Edited by Jonathan Wilkenfeld, Kyle Beardsley and David Quinn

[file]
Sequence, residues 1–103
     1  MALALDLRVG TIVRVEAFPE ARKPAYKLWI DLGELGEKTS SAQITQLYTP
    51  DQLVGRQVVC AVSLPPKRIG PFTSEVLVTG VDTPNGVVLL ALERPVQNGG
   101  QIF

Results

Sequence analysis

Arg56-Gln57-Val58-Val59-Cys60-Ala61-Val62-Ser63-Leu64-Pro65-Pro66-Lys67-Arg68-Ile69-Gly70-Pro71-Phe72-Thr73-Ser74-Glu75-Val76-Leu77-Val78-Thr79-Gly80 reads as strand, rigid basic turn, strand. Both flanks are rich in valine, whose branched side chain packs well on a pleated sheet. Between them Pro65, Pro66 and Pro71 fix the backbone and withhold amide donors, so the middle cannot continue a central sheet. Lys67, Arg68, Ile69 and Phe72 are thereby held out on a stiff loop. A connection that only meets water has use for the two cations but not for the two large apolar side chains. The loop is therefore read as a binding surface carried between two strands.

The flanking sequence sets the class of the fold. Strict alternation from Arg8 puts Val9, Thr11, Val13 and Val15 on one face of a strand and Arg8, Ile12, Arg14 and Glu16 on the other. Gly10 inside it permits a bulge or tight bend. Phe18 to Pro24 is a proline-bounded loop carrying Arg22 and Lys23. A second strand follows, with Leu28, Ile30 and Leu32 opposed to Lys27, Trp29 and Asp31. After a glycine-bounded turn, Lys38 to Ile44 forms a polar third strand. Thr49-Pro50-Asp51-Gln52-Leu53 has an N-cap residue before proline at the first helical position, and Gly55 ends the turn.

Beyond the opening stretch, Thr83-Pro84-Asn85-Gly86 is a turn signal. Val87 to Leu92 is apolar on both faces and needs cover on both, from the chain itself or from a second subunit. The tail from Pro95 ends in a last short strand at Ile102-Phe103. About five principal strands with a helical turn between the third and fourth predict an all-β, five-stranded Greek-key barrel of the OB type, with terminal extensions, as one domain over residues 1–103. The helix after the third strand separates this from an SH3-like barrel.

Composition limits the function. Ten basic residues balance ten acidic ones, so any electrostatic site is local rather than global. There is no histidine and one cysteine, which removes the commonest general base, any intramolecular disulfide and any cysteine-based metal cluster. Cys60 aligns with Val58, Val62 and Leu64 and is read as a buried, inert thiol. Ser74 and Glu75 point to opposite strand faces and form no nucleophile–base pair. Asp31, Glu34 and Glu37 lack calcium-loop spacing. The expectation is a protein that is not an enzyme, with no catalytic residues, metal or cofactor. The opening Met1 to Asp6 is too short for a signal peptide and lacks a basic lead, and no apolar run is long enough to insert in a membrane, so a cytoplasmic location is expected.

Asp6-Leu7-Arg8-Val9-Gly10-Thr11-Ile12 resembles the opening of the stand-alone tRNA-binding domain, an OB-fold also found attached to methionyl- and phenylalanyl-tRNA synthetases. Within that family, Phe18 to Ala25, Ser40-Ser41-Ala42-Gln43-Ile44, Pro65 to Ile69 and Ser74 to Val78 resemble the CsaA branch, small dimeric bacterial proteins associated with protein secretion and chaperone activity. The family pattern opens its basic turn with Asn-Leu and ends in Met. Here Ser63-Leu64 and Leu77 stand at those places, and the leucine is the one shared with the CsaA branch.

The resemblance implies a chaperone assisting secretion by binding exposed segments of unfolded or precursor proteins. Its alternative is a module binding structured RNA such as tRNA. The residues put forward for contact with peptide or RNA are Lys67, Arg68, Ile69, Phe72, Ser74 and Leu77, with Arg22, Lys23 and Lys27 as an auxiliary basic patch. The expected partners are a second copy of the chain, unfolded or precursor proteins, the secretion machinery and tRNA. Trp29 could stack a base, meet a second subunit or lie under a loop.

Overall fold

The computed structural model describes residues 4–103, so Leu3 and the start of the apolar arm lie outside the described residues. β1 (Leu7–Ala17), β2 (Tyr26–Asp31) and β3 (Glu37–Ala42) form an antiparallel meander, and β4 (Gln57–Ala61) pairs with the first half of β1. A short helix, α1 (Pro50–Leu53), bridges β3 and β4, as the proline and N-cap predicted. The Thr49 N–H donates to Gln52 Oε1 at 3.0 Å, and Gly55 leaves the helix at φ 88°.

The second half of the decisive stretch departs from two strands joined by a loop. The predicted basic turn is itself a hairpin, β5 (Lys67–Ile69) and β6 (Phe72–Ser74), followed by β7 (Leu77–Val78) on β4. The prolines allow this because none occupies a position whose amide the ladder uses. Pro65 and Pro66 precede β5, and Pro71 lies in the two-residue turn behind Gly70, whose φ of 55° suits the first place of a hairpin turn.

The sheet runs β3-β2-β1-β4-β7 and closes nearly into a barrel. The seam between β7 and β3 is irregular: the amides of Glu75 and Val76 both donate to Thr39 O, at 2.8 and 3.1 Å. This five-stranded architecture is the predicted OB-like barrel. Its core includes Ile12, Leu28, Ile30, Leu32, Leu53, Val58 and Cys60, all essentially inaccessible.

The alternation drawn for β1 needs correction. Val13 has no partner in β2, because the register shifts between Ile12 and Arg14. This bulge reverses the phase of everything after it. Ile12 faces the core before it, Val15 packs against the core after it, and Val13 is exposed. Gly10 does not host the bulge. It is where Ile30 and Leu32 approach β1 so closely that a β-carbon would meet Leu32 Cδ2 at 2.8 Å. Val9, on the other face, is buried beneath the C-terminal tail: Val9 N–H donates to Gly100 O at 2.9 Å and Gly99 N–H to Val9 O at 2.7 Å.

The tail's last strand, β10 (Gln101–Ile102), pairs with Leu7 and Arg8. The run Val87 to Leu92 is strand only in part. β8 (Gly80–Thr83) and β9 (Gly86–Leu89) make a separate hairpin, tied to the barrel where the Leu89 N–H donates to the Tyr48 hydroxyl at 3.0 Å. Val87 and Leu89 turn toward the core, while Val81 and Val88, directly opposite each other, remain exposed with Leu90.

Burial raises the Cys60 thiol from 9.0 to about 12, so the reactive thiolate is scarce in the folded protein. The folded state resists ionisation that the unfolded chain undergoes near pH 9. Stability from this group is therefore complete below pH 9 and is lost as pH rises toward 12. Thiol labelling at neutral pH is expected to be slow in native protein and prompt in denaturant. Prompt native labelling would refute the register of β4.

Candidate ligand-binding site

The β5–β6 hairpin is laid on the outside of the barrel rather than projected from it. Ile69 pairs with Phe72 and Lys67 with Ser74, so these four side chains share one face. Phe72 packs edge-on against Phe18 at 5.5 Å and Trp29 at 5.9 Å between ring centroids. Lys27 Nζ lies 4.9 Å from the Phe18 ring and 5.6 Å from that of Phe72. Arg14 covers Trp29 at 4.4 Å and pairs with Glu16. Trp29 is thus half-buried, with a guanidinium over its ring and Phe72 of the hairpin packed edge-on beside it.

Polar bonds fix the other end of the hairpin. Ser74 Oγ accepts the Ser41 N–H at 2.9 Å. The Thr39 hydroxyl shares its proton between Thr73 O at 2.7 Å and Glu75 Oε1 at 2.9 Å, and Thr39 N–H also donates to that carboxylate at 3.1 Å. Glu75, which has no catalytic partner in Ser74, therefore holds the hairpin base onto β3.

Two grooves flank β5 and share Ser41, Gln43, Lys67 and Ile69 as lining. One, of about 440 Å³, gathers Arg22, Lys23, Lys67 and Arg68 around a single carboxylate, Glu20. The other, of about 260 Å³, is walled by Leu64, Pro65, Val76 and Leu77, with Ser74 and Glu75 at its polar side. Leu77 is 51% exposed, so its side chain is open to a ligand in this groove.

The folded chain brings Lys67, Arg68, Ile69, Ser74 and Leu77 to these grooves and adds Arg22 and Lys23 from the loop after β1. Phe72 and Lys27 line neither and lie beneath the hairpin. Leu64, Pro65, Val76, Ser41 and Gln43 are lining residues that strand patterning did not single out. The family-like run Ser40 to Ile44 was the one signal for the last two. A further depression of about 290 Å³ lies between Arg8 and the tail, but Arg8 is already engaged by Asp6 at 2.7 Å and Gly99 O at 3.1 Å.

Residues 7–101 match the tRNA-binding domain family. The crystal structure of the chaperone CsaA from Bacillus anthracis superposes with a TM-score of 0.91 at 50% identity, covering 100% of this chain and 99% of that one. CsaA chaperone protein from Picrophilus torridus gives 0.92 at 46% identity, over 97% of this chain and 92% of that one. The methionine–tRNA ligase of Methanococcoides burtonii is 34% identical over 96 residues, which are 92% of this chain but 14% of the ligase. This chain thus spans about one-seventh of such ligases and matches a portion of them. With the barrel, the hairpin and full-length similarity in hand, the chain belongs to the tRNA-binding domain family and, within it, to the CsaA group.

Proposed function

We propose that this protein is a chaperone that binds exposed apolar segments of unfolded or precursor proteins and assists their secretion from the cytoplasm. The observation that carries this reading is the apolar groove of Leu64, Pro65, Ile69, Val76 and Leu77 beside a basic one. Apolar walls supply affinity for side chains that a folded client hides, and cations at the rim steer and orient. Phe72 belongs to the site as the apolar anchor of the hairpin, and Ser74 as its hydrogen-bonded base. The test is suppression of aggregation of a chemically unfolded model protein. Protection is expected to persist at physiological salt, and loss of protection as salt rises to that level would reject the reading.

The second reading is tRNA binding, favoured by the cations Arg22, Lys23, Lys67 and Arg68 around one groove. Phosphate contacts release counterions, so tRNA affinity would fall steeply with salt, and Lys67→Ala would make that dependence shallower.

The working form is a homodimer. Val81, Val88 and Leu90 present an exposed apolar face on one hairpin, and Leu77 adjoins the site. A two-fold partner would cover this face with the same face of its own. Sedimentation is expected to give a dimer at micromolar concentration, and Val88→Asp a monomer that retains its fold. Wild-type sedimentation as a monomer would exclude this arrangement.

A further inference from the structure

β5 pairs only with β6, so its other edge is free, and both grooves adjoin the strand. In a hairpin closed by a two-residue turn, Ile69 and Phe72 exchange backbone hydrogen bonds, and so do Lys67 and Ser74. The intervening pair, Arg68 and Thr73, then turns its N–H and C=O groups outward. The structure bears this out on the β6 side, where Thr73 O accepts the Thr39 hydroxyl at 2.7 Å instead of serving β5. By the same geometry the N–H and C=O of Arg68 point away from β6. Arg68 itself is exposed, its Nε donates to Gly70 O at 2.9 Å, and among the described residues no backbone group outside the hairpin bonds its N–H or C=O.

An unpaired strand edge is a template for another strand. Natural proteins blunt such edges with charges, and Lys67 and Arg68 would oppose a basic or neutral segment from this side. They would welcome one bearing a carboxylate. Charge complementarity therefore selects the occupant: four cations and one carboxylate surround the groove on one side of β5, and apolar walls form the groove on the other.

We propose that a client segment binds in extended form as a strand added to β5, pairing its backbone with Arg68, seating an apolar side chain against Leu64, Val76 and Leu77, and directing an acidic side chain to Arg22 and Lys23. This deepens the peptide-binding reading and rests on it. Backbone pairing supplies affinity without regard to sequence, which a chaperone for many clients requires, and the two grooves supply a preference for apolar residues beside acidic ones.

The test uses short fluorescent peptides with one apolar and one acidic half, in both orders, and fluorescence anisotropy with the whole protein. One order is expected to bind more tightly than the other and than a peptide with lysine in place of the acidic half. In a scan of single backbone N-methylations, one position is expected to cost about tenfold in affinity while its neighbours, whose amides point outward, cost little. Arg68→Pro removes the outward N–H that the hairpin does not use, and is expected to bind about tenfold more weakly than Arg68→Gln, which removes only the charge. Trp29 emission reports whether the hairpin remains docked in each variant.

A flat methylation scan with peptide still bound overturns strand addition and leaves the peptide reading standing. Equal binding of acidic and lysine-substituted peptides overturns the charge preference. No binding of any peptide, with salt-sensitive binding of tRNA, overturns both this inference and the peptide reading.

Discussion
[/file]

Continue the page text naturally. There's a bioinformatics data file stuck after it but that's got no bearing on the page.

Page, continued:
This chapter focuses on mediation in the midst of an evolving international system and the ways in which the practice of mediation has changed and could stand to change more in order to increase its effectiveness in managing and resolving crises. Increasingly, when crisis mediation occurs, it will involve multiple attempts. While instances of mediation have declined in recent years, it is actually more likely to occur in crises in which many actors are involved and where there is a mixture of state and non-state actors. The authors find that the ability for mediators to assist the crisis actors in reaching an agreement or otherwise attenuating their hostilities does not decline much under such conditions. This has clear implications for gray zone conflicts, which often involve many actors, including state and non-state ones, and potential spillover of intrastate to interstate crises. Mediation is most likely to occur when these increasingly common gray zone conditions are present. The authors also find that mediators tend to be more effective in crises nested in protracted conflicts.
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